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Above you see a good fortune from a cookie Mother and I shared in March 2013, two months after her cancer diagnosis.

Which of course was infinitely more unfortunate.   

It did not come as a surprise to me when she was finally diagnosed with breast cancer.

Mother told me over the phone in January 2013, one month after we visited her for the Christmas holidays.

It was a relief for me to know that she was finally under a doctor’s care.

Further, considering the size of the tumour, and that she had waited five years to have it diagnosed it was a miracle that the breast cancer was only at stage two.

Often within six months of finding a lump, breast cancer aggressively advances to stage five which is seriously life-threatening.

Another worry was my mothers emotional health. I was well aware that she enjoyed her independence and solitude, even if to a fault.

However being alone at home all day and night with little else to think about other than the cancer, I was concerned that she would slide down the slippery slope of depression and stop taking care off herself.

Living so far away from her it was difficult to ensure that she maintained a positive lifestyle of eating well, getting out of the house from time to time and taking medications as prescribed.

I felt very powerless.

Sure, we spoke on the phone every evening, but that left her all day alone at home with her own thoughts.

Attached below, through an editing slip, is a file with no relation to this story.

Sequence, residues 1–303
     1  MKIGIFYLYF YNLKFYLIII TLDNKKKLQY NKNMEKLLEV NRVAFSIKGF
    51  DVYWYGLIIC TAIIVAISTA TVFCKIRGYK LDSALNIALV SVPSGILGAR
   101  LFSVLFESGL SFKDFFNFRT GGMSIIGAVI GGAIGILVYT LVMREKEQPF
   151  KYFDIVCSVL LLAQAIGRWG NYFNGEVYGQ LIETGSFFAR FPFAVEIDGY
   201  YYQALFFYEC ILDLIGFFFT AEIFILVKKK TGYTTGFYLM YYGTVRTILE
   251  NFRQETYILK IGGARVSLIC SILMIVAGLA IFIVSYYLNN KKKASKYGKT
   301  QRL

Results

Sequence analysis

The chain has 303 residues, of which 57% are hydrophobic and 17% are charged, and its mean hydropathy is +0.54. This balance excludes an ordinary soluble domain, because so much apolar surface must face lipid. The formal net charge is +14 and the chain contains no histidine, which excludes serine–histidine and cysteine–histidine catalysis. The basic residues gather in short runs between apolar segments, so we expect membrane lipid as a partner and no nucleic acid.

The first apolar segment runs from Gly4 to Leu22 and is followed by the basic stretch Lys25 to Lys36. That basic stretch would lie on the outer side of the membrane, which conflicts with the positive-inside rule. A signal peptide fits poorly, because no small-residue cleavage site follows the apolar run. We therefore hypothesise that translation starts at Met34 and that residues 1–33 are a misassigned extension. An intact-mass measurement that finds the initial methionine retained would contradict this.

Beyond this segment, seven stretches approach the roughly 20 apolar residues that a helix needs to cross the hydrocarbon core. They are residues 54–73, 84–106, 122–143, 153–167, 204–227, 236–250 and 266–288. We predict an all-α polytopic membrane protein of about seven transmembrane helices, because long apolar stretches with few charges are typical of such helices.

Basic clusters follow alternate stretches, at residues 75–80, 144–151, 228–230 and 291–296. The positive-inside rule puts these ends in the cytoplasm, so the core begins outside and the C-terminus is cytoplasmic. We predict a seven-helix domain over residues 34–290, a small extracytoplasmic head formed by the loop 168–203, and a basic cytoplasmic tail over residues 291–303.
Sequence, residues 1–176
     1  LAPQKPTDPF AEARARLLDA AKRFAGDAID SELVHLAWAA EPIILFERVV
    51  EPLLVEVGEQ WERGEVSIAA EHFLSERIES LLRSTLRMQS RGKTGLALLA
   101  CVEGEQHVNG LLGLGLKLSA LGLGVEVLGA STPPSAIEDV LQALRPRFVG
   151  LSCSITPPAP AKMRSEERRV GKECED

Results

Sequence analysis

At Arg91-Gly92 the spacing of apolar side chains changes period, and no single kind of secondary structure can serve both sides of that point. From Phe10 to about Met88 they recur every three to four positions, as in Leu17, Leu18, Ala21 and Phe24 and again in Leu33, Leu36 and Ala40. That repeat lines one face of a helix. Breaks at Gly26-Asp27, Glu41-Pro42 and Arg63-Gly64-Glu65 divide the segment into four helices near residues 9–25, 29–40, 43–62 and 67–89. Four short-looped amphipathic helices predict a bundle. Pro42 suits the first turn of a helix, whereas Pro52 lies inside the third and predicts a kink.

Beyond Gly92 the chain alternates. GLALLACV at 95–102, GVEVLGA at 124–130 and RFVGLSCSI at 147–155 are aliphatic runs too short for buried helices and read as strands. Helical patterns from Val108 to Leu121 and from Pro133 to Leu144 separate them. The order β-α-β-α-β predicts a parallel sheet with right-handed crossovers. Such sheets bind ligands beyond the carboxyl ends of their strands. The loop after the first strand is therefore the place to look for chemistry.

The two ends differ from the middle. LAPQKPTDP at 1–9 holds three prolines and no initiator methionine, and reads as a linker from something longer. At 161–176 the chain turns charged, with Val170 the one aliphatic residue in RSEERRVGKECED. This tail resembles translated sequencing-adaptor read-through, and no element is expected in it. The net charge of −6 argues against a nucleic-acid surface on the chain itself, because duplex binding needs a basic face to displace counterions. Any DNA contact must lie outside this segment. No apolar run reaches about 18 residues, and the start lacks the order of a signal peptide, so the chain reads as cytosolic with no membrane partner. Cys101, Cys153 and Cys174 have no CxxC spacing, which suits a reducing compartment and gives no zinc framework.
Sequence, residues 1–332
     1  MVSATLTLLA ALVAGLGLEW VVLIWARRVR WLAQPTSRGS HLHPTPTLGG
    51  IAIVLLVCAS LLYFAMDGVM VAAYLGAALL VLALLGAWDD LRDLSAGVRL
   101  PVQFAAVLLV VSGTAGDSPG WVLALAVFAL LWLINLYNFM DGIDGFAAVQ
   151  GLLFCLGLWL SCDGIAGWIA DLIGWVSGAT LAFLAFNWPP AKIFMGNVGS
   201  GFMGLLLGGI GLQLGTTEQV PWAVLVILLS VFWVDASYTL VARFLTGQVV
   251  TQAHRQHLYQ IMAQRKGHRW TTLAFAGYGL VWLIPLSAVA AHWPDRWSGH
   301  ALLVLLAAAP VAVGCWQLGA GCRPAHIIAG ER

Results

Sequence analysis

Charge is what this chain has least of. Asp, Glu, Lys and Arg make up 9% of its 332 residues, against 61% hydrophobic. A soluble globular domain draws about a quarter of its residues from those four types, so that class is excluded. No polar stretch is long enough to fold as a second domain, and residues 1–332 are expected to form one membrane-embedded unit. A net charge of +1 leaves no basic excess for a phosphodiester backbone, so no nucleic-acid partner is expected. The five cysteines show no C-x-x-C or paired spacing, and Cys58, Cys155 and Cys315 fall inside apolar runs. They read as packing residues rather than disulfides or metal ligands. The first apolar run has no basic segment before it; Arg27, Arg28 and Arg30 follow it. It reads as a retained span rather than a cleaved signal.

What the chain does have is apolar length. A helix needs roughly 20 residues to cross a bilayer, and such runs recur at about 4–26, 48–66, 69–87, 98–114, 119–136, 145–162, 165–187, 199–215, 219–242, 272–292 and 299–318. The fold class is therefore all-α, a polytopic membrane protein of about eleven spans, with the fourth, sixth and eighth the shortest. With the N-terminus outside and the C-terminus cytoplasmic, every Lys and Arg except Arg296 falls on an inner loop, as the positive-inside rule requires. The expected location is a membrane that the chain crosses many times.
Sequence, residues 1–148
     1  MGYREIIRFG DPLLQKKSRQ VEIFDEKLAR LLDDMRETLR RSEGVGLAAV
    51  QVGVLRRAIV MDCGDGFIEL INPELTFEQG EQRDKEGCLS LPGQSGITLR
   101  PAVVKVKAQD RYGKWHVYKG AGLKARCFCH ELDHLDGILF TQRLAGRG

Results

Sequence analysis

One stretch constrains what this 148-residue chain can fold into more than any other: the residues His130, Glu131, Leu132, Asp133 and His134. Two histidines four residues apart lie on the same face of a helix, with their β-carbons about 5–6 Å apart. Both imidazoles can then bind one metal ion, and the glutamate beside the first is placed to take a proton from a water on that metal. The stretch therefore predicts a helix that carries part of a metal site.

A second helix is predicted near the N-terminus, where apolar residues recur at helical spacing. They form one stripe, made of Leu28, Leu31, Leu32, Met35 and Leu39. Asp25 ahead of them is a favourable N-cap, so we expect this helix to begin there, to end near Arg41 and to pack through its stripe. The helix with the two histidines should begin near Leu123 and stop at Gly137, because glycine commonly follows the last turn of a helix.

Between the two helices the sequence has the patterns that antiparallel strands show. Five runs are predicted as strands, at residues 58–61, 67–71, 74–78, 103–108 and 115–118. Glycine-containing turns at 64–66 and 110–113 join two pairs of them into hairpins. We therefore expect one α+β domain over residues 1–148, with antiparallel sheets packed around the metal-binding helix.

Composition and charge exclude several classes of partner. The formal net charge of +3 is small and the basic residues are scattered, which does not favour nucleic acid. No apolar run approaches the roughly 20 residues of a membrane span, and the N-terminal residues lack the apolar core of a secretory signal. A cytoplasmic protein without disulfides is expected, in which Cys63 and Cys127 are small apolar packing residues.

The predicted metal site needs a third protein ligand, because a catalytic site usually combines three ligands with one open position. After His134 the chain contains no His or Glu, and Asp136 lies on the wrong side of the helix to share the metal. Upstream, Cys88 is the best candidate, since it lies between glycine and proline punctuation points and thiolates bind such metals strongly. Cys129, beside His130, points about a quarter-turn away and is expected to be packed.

On the other hand I knew mother had good friends who no doubt would do all they could for her. However, I wished that there was more that I could do.

There was nothing I could do to help make her physically better. However, I certainly wanted to help make her feel emotionally better.

Time and again my husband and I had raised the issue with her of possibly bringing her back to Canada and coming to live with us.

She had a good pension to support herself with, plus within three months she would be eligible to apply for Ontario health care.

Mother would banter the idea about for a minute or so then made it clear she was content to stay where she was.

We wanted what was best for her and for her to be happy, so we never actively pursued the matter further.

Now mother’s decision not to have chemotherapy or radiation was another matter.

The problem was it’s hard to effectively argue with someone as stubborn as my mother. Living so far away made the frustration even worse.

She remained adamant, even though her doctors continually called her to try and make appointments.

Arguing was pointless.

It was then that I realized that this was the beginning of the end.

 

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